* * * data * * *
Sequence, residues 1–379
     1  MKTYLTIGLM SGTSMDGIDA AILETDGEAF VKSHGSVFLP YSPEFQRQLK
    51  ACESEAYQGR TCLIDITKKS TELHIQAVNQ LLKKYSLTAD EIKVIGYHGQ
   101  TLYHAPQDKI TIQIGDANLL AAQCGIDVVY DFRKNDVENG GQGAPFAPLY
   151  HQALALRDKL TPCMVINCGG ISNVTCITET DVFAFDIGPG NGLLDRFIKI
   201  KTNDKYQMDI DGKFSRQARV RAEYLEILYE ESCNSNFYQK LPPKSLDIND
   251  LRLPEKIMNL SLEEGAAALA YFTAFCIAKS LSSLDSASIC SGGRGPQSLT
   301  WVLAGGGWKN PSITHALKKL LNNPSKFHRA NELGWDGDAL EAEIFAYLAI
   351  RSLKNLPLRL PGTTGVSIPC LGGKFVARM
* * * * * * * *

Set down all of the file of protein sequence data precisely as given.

Sequence, residues 1–379
     1  MKTYLTIGLM SGTSMDGIDA AILETDGEAF VKSHGSVFLP YSPEFQRQLK
    51  ACESEAYQGR TCLIDITKKS TELHIQAVNQ LLKKYSLTAD EIKVIGYHGQ
   101  TLYHAPQDKI TIQIGDANLL AAQCGIDVVY DFRKNDVENG GQGAPFAPLY
   151  HQALALRDKL TPCMVINCGG ISNVTCITET DVFAFDIGPG NGLLDRFIKI
   201  KTNDKYQMDI DGKFSRQARV RAEYLEILYE ESCNSNFYQK LPPKSLDIND
   251  LRLPEKIMNL SLEEGAAALA YFTAFCIAKS LSSLDSASIC SGGRGPQSLT
   301  WVLAGGGWKN PSITHALKKL LNNPSKFHRA NELGWDGDAL EAEIFAYLAI
   351  RSLKNLPLRL PGTTGVSIPC LGGKFVARM